give me a new name

Written by Olivia Magee

Illustrated by Liam Cox

give me a new name
a cataclysm of trust falls
scheduled for thursday
a new gait learned and a new space
the specs were not quite what i imagined
but when i held your hand
i felt your warmth and your blood flowing
i took pills to keep me sane
to keep my body working
but my eyes love to wander
to a life of subduction
becoming less than a star
becoming more than a rock
but never losing track of the simple
deadbeat dog i am
a heart beats faster
but my doctor says it’s wrong
and the way i think you’ll say my name
provokes me to follow you
down the coast of california
this fine state of disappointment and production
of population and vacation
a backwards road of ugly homes and cows shitting their brothers
brings me back to the days when i was just putting stickers
on the window of my moms volvo the smell of dried up vomit
i’m drawing blood of mine for a new age
ritual celebration of love between two
i’m drawing on my eyebrows to frame the windows to my soul
like a piece of art you can’t help but look at
and admire the symmetry and endeavor
olives fall from minerva’s limbs
swollen with stolen water
and girls like me swarm like seagulls around a chance to feed on
how my name is shaped by your mouth
in a blister creation of tongue moving soul sucking heart moving
the state is burning down
and i am escaping to new arms
where my heart might embrace the sea and the backdrop of your childhood
where your heart took a beating.

To-Do List, Manifesto

Written by Jenna Westling

Illustrated by Cameron Edwards

1) Give sex robots a chip that activates their autonomy. Join them in the fight for fourth wave feminism. Appoint one as president.

2) Let little kids, aged 5-10, stage a coup and take over the United Nations.

3) Bulldoze all borders and give every refugee the directions to a local mansion of your choice.

4) Empty Australia and send every Big Pharma lobbyist there. Introduce a plague. Mark up the vaccines for the plague until they can’t afford it.

5) Change the rating of guns from E for Everyone to M for Mature.

6) Disperse the wealth of the Koch Brothers to anyone under the poverty line.

7) Waterboard the Koch Brothers for funsies.

8) Kill all billionaires and cook their meat medium rare. Serve it to the citizens of Flint, Michigan.

9) Universally legalize all drug use except vaping.

10) Give reparations to all dinosaur descendants for our use of fossil fuels.

11) Remove all missionaries from second and third world countries.

12) Emancipate all zoo animals (like in Madagascar).

13) Burn all documents proving the existence of gender.

14) Abolish all religions except Scientology and Mormonism. Let them fight over Jerusalem.

15) Make Neil Degrasse Tyson promote a conspiracy theory about the existence of life on Mars.

16) Elect a flat-earther to office.

17) Make the official language of every developed country Pig Latin.

18) Reveal the whereabouts of Amelia Earhart.

19) Rinse.

20) Repeat.


Written and illustrated by Jackson Patrick-Sternin

Bipolar Disorder is more than mood swings. To debunk common misconceptions and Bipolar Disorder, in the next few pages Jackson and Georgie illustrate what it is like living with Bipolar I or II, respectively. They delve into the religious aspect of hypomanic/manic episodes, and how higher powers manifest themselves in these elevated states. Accompanying their stories, they have each illustrated what these episodes look and feel like to them.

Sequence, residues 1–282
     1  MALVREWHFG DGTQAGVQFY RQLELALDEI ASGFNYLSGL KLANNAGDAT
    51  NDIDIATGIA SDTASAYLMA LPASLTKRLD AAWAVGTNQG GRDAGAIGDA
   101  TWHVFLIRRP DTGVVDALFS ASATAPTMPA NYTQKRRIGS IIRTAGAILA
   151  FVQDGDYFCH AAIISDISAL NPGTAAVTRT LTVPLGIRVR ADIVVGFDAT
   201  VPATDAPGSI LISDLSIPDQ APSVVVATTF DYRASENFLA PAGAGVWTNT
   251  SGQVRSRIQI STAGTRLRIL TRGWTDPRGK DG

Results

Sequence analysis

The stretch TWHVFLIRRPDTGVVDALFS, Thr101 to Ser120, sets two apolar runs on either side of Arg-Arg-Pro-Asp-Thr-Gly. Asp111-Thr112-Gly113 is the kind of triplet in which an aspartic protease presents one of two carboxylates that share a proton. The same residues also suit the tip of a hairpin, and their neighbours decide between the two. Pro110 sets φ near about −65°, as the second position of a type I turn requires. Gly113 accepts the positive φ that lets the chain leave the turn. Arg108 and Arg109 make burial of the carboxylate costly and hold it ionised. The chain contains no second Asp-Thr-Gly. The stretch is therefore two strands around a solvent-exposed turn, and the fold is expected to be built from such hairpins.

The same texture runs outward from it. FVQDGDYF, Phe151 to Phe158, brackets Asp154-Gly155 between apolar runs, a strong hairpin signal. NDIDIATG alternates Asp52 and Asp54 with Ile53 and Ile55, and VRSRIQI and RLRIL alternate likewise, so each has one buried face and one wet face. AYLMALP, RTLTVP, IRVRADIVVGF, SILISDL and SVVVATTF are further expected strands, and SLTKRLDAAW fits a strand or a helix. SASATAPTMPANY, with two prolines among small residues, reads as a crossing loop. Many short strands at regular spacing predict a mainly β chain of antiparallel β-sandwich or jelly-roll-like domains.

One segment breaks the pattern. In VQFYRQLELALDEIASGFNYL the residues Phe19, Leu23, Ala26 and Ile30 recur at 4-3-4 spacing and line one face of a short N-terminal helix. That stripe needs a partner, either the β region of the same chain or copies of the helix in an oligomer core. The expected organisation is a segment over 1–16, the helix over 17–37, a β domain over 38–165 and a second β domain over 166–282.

This is my experience prior to getting on medication for Bipolar I Disorder.

For me, enduring a manic shift is a similar experience to the swell of effects after ingesting a psychedelic drug. The first noticeable effect is a subtle lift in mood and energy. Even after experiencing dozens of cycles, I rarely recognize this as the beginning of what it is. After spending a few weeks below water, this lift is welcomed. The experience of this stage, for me, is one of great relief. Your flight has been stuck on the tarmac for what seems an eternity, but the engine is rumbling back to life, and everything might be okay. You might well arrive at your destination, when for a long time the trip itself seemed an impossible endeavor. Your flight is heading towards the runway.

The second stage comes soon after, when the shift becomes great enough that I’m forced to recognize that I’ve escaped that depressive trap only to start towards the next. Though I realize this, I do my best not to assign it any value. All I want is to savor that sweet sense that everything is okay – more than okay. I feel I have the opportunity to thrive in this new headspace. I’ve been lifted from a dismal state. I’m edging on divine. At this stage, I convince myself that I deserve to experience this and the highs it will progress to. My selective memory at this time excludes the severe consequences that inevitably come with full blown mania. Even the word “mania” doesn’t necessarily cross my mind. I’ve been operating, likely for weeks, absolutely blinded by anxiety and depression. I’ve paid my emotional dues. I’m owed this. Your flight is speeding down the runway.

My thought processes start to truly warp, speed up, and become more and more urgent and disjointed. I write, I make art, I take up one or two or six new hobbies. My mind feels as elastic as when I was a child. I absorb information in droves and experience a fluid flow of creativity that had so recently seemed impossible, and I know it will again soon. I must make the most of it while I have it. I’m owed this. Your flight has lifted off.

Somewhere there is a shift to a third stage, but I cannot say where. This is the stage at which the experience becomes incredibly difficult to describe, much like the peak of a psychedelic trip. I’m blinded now by an overwhelming sense of purpose and divinity. Reality loses definition. There is a very thin barrier between the fantasies I have about myself, the world around me, and that which I believe to be true. I’m the hand that will mold the world and restructure it in my image. I feel I am achievement embodied, absolute. I can do anything and I will do everything. Your flight has reached peak altitude, the sun has dropped below the horizon, and the controls are rapidly breaking down.